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I think elderly parents are particularly likely to be released later in the day.  They generally have more wrong with them, and the hospital may want various sign offs, including a cardiologist, and an assessment by a PT that they can walk.  A younger person might just need the specialist that is the issue that got them now. The hospitals do NOT want you to come back, the need a variety of people to assess.
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As Willie says, its the doctor. Some come in early, one I know came in at 7am. He actually discharged Mom Thurs morning to be released to rehab on Friday. He did office visits in the afternoon. Other doctors do office visits during the day, doing hospital rounds after 5. Once discharged by doctor then everyone else has to do their thing to do to complete the process. And you can be discharged AMA. Medicare, Medicaid and insurances will pay for time in the hospital or facility. The hospital is just protecting themselves. Has to do with patient being readmitted later for the same diagnosis.
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I was recently discharged from hospital at 9:00 p.m. because that was when the doctor was available to sign the discharge papers. I've got to say I was getting pretty antsy too, I was afraid they were going to keep me another night.
I think somebody dropped the ball with her meal though, people enter and leave care all the time and getting food (even if it isn't a preferred selection) shouldn't be that difficult.
(Full disclosure - I'm not in the USA but I think healthcare bureaucracies everywhere have similar challenges)
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Because discharge is a process and, depending on how complex the hospitalization and the services that need to be coordinated and patient and caregiver education that needs to be done for safe discharge, it takes hours. It's not like checking out of a hotel!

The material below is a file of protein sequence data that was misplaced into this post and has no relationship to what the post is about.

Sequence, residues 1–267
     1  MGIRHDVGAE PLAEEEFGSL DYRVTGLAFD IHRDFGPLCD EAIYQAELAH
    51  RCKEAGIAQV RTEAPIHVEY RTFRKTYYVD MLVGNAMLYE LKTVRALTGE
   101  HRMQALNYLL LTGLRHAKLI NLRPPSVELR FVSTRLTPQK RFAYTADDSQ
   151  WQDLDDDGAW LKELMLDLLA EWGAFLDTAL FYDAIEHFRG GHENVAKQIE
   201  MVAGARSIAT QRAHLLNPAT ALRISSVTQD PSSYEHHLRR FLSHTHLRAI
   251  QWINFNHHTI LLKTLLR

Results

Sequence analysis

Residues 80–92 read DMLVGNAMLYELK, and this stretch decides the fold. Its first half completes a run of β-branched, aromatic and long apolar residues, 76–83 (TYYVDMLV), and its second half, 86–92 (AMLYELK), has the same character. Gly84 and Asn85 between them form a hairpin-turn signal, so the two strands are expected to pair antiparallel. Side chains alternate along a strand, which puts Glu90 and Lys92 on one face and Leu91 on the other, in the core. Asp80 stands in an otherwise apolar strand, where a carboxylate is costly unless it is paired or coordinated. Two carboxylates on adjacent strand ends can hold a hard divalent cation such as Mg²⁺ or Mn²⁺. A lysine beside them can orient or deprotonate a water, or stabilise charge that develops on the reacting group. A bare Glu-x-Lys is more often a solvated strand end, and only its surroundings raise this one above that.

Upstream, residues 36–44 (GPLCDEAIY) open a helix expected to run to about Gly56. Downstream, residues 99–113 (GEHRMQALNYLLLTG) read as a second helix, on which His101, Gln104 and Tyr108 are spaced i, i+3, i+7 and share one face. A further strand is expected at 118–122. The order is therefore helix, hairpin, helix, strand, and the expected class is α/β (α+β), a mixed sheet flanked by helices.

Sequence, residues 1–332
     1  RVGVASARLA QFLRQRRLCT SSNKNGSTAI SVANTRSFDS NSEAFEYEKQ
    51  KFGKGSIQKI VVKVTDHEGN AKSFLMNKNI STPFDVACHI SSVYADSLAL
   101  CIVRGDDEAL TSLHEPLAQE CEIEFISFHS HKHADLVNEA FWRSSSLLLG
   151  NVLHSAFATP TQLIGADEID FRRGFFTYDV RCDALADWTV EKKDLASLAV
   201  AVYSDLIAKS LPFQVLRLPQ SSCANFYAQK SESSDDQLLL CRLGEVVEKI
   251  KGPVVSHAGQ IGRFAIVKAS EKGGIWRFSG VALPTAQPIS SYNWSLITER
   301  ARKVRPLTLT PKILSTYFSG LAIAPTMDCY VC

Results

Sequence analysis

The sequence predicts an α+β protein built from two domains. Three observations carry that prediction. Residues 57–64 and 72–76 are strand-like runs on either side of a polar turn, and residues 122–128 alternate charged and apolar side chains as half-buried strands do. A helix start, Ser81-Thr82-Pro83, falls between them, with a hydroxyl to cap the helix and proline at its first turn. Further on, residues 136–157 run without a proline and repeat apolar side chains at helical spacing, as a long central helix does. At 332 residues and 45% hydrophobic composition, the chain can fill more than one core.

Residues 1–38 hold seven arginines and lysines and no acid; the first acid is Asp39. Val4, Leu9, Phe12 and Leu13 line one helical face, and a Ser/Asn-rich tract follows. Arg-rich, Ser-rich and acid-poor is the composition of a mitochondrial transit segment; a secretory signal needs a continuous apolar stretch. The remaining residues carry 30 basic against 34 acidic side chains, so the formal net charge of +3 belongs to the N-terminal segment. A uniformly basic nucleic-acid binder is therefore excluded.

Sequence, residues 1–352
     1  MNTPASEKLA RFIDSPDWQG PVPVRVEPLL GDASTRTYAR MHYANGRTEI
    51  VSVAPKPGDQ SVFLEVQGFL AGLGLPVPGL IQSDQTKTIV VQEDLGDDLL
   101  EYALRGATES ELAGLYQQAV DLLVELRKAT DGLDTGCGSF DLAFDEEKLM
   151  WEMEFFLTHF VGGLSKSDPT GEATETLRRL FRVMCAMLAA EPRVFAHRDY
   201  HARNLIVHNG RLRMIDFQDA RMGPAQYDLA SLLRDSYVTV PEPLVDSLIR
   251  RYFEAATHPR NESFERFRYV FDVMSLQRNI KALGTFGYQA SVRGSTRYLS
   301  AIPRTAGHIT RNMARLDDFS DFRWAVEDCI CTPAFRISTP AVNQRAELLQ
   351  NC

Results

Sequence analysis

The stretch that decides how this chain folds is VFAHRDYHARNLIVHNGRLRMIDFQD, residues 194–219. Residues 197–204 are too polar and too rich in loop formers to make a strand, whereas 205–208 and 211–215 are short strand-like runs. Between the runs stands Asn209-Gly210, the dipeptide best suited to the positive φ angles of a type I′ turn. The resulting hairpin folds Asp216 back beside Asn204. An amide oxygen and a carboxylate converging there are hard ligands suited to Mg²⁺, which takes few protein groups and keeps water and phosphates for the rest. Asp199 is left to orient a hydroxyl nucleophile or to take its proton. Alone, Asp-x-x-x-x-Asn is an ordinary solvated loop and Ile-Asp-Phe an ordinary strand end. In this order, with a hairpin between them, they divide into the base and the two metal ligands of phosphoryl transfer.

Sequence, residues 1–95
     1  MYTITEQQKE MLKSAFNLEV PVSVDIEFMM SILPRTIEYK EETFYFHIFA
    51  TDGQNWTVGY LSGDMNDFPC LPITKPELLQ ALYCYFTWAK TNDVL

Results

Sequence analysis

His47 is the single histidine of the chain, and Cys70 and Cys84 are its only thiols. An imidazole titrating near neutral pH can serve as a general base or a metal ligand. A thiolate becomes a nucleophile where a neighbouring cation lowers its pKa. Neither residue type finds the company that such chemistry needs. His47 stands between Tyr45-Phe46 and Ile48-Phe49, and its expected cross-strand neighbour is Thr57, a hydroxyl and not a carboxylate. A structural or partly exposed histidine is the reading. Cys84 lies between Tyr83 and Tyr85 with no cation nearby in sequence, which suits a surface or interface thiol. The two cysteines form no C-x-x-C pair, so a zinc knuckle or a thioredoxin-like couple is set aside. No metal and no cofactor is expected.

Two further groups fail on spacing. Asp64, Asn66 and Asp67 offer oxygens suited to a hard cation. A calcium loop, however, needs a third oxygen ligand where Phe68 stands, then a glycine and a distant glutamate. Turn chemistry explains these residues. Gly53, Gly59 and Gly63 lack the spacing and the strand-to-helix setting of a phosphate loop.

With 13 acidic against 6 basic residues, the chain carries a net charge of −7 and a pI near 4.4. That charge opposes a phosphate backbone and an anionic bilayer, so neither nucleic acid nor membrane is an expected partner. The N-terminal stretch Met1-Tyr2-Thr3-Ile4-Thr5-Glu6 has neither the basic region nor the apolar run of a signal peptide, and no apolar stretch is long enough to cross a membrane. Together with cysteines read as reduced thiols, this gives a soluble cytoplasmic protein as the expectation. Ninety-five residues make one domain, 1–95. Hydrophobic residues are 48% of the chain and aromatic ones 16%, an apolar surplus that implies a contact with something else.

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That whole AMA thing and the insurance not paying is a myth. It’s a common misconception amongst medical professionals. It’s simply not true.

There are multiple reasons why patients get discharged so late. So we can’t give you a solid answer. There are probably multiple patients that need to be released in addition to all the patients not being released who have to see the doctors and be attended to by the nurses and nursing assistants.
When my husband had back surgery, he was released at 8:30pm and that’s because 1)he wasn’t the only patient being released & paperwork had to be done 2)physical therapy had to come adjust his walker and show him how to use it to get out of bed and he wasn’t the only patient they had to see and 3)someone had to come in and help him get dressed and he wasn’t the only patient needing help. 4)the surgeon had to release him in between seeing other patients and performing surgeries. When I had my daughter, I was released at 9:30am by my doctor. We couldn’t leave until my daughter had been released and that didn’t happen until 2:30-3pm because I had her on Christmas Eve and the pediatrician went to church on Christmas Day (the day we were released) and didn’t get to the hospital until the afternoon! By the time the paperwork was done and we were wheeled out, it was almost 4pm.

I don’t think hospitals release patients late at night so they can charge more money. Because they charge the same whether you are released at 9am or 9pm, either way the insurance gets billed for the entire day.